If you book on or before Feb 14, 2014, you will get the early bird price of $849 (749 if you are an Alumni, User Group Manager or Government)

( Information taken from cf.Objective() website )

  • 3-4 People 5% off
  • 5-9 People 10% off
  • 10-14 People 15% off
  • 15-19 People 20% off

Your registration fee includes:

  • Access all Conference Sessions
  • Power Access in the Meeting Rooms
  • Breakfast, Lunch and two breaks during the day. Dinner is on your own
  • Free Wireless Internet in meeting & sleeping rooms
  • Tuesday Night Welcome Reception
  • Birds of a Feather and Lightning Talk Sessions
  • Official cf.Objective() 2014 Swag and conference program guide

cf.Objective, the only enterprise engineering conference for ColdFusion is your connection to:

  • High quality sessions offered by the leaders in the industry
  • A 5 to 1 ratio of attendees to speakers, giving you direct access to leaders in the field to discuss their development challenges
  • You have a chance to talk to the people who are the leaders in the field about what every challenge you are having with your application or project
  • An intimate feel. If you want to get lost in a crowd, this conference is not for you!


Into the Box

Into The Box is a full day 2 track conference on May 13, the day before cf.Objective and is jam packed with an amazing amount of value. If you purchase your cf.Objective() tickets, you get a link to buy your Into the Box ticket for $50 off the normal price of $199.

  • You can get 20% off for groups of 3+
  • You can get 20% if you are part of a non-profit
  • You can get 50% off if you are a student

But wait, there's more

Your entry ticket also gets you 

And they are working on more giveaways, you'll have to attend to find out all the goodies.

But wait, there's more

Plus Breakfast, Lunch, and Happy Box - which will include Raffles, Ortus Team Q&A, free food, free drinks, free live music while you wait for the cf.Objective() Registration to open.

If you still don't think you can convince your boss, check out the "Justify Your Trip to Into The Box" pdf to give to your boss / manager.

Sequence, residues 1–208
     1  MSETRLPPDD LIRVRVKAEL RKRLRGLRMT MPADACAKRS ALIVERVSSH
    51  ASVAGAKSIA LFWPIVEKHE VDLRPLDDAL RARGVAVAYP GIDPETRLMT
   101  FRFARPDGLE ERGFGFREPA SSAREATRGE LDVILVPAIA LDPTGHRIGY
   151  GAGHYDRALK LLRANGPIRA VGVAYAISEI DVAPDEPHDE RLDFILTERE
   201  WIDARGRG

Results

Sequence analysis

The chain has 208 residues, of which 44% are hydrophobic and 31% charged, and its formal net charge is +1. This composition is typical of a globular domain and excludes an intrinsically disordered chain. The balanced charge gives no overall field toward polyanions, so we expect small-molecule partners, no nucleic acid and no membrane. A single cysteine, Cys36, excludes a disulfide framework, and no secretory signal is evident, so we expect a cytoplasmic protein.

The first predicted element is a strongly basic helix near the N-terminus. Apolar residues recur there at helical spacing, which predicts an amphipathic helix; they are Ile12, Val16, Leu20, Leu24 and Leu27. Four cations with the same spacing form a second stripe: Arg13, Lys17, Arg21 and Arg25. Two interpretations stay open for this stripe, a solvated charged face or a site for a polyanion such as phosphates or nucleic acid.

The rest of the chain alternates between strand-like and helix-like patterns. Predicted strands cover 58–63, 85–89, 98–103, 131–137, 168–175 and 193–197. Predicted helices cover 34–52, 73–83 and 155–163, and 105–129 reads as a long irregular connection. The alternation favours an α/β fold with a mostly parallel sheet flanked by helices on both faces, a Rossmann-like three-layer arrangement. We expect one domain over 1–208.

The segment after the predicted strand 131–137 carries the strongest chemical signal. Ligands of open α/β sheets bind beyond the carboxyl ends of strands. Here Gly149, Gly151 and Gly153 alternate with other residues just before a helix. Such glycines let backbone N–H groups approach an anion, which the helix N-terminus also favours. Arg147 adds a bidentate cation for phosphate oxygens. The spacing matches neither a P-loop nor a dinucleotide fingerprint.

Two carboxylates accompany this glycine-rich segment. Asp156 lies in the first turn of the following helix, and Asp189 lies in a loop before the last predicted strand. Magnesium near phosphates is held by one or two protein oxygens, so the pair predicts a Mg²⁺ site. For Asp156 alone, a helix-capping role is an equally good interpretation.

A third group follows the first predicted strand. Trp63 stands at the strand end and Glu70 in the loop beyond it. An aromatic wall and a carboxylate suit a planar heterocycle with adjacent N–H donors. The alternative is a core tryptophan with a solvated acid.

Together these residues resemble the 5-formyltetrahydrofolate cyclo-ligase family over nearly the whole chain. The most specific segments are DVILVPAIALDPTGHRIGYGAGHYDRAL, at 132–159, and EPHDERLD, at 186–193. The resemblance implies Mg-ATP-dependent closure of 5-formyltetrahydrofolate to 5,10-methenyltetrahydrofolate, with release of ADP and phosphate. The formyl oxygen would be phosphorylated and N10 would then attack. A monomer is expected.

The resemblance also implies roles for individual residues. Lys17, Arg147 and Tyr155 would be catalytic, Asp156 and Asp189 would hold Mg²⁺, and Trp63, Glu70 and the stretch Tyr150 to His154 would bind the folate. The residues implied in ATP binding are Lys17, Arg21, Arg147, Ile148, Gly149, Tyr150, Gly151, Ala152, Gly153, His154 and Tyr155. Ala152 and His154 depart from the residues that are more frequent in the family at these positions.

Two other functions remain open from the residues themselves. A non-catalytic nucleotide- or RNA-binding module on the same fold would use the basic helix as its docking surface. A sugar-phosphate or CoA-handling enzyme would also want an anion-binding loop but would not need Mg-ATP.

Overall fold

4 days of amazing content, great people, great presenters, loads of value… plus you'll get to see me, reason enough right?

You can read more of my cfObjective Posts here, Why I wanted to speak at Into the Box here.

Sign up today... and I'll see you there


Don't wait too long,


February 2014

Gavin Pickin

Online Learning - Podcasts - Mind Opening Interview with the Discoverer of JSON Douglas Crockford

Online Interactive Learning, Podcasts

I am a late comer to the world of Podcasts, but with the birth of my son, I had a lot of time holding babies, feeding babies, changing diapers, and podcasts helped me fill the time and getting my learning kick at the same time. I listen to several podcasts, and the good ones, I zap back hundreds of episodes, to soak up each and every ounce of value out of them. I will not make a post for every good episode I listen to, but if they really stand out, I will post about them here, and invite you to listen, and see what you think of them.

Today, I listened to one of the Hansel Minutes shows, episode 396 actually. In this episode Scott Hanselman interviews Douglas Crockford at the AngleBrackets conference in Las Vegas. Douglas Crockford is the "discoverer" of JSON, as he states it was always there, he just uncovered it, not invented it. He also build JS Lint, and have a book called JavaScript - The Good Parts